SB in the News
8/2/2015 (Newsday) Veterans Services Committee aims to help former soldiers return to civilian lifeTown Councilman Kevin LaValle said the volunteer committee will seek to improve communication between agencies that serve veterans and clear up scheduling conflicts that might prevent veterans from obtaining services. The committee, approved last month, includes veterans, a human resources manager and military services specialists from Stony Brook University and St. Joseph's College in Patchogue
8/3/2015 (Los Angeles Times) Paid $1 to $3 a day, unauthorized immigrants keep family detention centers runningDetainees are charged two to seven times more for most products in detention centers' commissaries than they would pay at a local Wal-Mart, according to a study by Nancy Hiemstra, assistant professor of migration studies at Stony Brook University.
8/2/2015 (Innovate LI) Debrief: Peter Donnelly, SBU Technology LicensingBridging the commercial world and SBU's world-class faculty and student research, Peter Donnelly accepts a critical (but not impossible) mission: develop markets for science and technology commercialization. The tech-licensing director has made a career of translating research into innovative consumables, including stints as entrepreneur, corporate suit, academic and government staffer.
7/30/2015 (Newsday) Stony Brook Medicine counting down to 100,000th birthStony Brook Medicine has launched a countdown toward the upcoming 100,000th birth of a baby (or babies, if it's a multiple birth) at Stony Brook University Hospital -- at the current pace, that's expected to occur sometime in August.
7/29/2015 (WCBS-TV) Vigil Planned For 4 Women Killed In Long Island Limo CrashMany of the families spent days and nights at Stony Brook University Medical Center, after their critically injured daughters were airlifted from the accident scene. "It is never easy to get multiple casualties at once, however we have a system here designed to handle that. We have back up, and Stony Brook truly works as a team," Chief of Trauma, Dr. James Vosswinkel said.
7/28/2015 (Long Island Business News) Last beam placed on Stony Brook Children's Hospital The first construction phase of Stony Brook's Children's Hospital concluded on Friday when a "baby" crane place the final steel beam onto the building, accompanied by a "topping off" ceremony. Through the use of a crane machine, the act was intended as a pun on the old story about where babies come from, in which a stork - a bird similar to a crane - drops babies off at the hospital.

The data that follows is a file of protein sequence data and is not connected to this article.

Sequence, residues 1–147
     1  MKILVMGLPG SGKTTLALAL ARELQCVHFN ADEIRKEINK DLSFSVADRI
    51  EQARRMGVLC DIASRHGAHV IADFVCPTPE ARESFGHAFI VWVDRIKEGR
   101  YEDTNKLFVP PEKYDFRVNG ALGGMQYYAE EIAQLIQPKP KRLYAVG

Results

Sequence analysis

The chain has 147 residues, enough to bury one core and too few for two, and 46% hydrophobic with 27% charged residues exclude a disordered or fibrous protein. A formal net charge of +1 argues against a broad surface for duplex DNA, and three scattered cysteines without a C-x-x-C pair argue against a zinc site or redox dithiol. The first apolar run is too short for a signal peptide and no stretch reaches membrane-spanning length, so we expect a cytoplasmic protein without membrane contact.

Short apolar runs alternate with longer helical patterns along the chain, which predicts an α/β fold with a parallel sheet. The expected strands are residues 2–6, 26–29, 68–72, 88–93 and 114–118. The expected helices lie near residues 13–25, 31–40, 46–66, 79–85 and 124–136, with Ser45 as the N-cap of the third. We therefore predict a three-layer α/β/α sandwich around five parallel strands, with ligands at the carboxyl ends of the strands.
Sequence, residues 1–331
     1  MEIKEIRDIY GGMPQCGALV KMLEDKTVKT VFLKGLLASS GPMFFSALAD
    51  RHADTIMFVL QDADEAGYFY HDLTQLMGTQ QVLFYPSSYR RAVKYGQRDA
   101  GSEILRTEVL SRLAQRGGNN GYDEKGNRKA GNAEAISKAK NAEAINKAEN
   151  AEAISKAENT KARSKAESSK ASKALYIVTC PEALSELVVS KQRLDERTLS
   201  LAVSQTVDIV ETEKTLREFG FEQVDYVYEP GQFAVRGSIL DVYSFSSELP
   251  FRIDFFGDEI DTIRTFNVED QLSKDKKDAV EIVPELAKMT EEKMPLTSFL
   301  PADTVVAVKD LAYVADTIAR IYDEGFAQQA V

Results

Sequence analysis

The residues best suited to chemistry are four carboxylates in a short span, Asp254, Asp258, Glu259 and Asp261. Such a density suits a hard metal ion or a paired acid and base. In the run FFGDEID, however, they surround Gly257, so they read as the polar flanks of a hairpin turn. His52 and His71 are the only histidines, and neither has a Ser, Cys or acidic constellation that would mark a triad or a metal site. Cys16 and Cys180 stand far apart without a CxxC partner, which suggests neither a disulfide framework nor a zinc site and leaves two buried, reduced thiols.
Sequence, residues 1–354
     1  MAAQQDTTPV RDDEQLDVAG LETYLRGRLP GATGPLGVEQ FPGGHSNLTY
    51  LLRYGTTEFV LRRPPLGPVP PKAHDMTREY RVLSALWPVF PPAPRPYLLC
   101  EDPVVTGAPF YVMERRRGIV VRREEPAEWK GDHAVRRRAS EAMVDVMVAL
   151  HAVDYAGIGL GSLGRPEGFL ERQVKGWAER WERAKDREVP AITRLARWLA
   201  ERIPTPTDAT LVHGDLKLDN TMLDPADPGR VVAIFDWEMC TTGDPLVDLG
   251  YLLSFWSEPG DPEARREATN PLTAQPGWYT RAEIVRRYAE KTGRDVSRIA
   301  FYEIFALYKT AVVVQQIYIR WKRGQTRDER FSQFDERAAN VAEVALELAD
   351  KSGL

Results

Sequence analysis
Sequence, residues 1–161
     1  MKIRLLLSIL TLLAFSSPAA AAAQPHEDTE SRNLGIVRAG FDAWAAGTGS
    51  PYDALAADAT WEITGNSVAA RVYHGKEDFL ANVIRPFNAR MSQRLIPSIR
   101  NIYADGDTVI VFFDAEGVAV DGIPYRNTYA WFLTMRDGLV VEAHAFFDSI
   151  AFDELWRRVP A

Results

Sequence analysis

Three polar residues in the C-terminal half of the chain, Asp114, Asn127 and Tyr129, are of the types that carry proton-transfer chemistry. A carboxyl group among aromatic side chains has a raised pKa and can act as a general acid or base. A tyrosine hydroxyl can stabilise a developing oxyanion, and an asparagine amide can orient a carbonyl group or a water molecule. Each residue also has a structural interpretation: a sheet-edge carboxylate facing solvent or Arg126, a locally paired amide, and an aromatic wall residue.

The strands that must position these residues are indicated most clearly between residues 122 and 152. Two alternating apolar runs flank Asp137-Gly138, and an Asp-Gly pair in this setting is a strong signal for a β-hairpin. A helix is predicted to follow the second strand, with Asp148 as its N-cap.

7/28/2015 (Washington Post) How realistic is TNT's 'Proof'? Ask a real-life near-death researcherSam Parnia, who has done similar work at Stony Brook University School of Medicine, tried to test the phenomenon by placing specific images on the ceilings of operating rooms to see if patients resuscitated after full cardiac arrest could recall them -- part of a long-term study at 15 hospitals in the United States, United Kingdom and Austria. Getting sufficient data was challenging, he acknowledged. "Most people who die don't come back, only about 10 percent," he said, and those that do generally suffer memory loss. Still, about 1.5 percent of surviving patients in the study, he said, had "explicit recall" of events going on in the room that they shouldn't have been aware of.
7/29/2015 (London Daily Mail) Life on Earth began with 'hiccups': Reproduction started slowly in primordial soup rather than with a bang Dr Sergei Maslov, a computational biologist at Brookhaven and Stony Brook University, said their model fits into the current theories for an RNA world, where life started from self-replicating RNA molecules that eventually gave rise to DNA and proteins
7/28/2015 (Washington Post) Uncle Sam wants YOU to read 'popular' scholarly booksIf all goes as planned, there's a fascinating book about Diderot in your future -- and one about the history of photographic detection and another one about the economics of addiction. James Rubin, State University of New York, Stony Brook, N.Y., "Why Monet Matters, or Meanings Among the Lily Pads," received $50,400.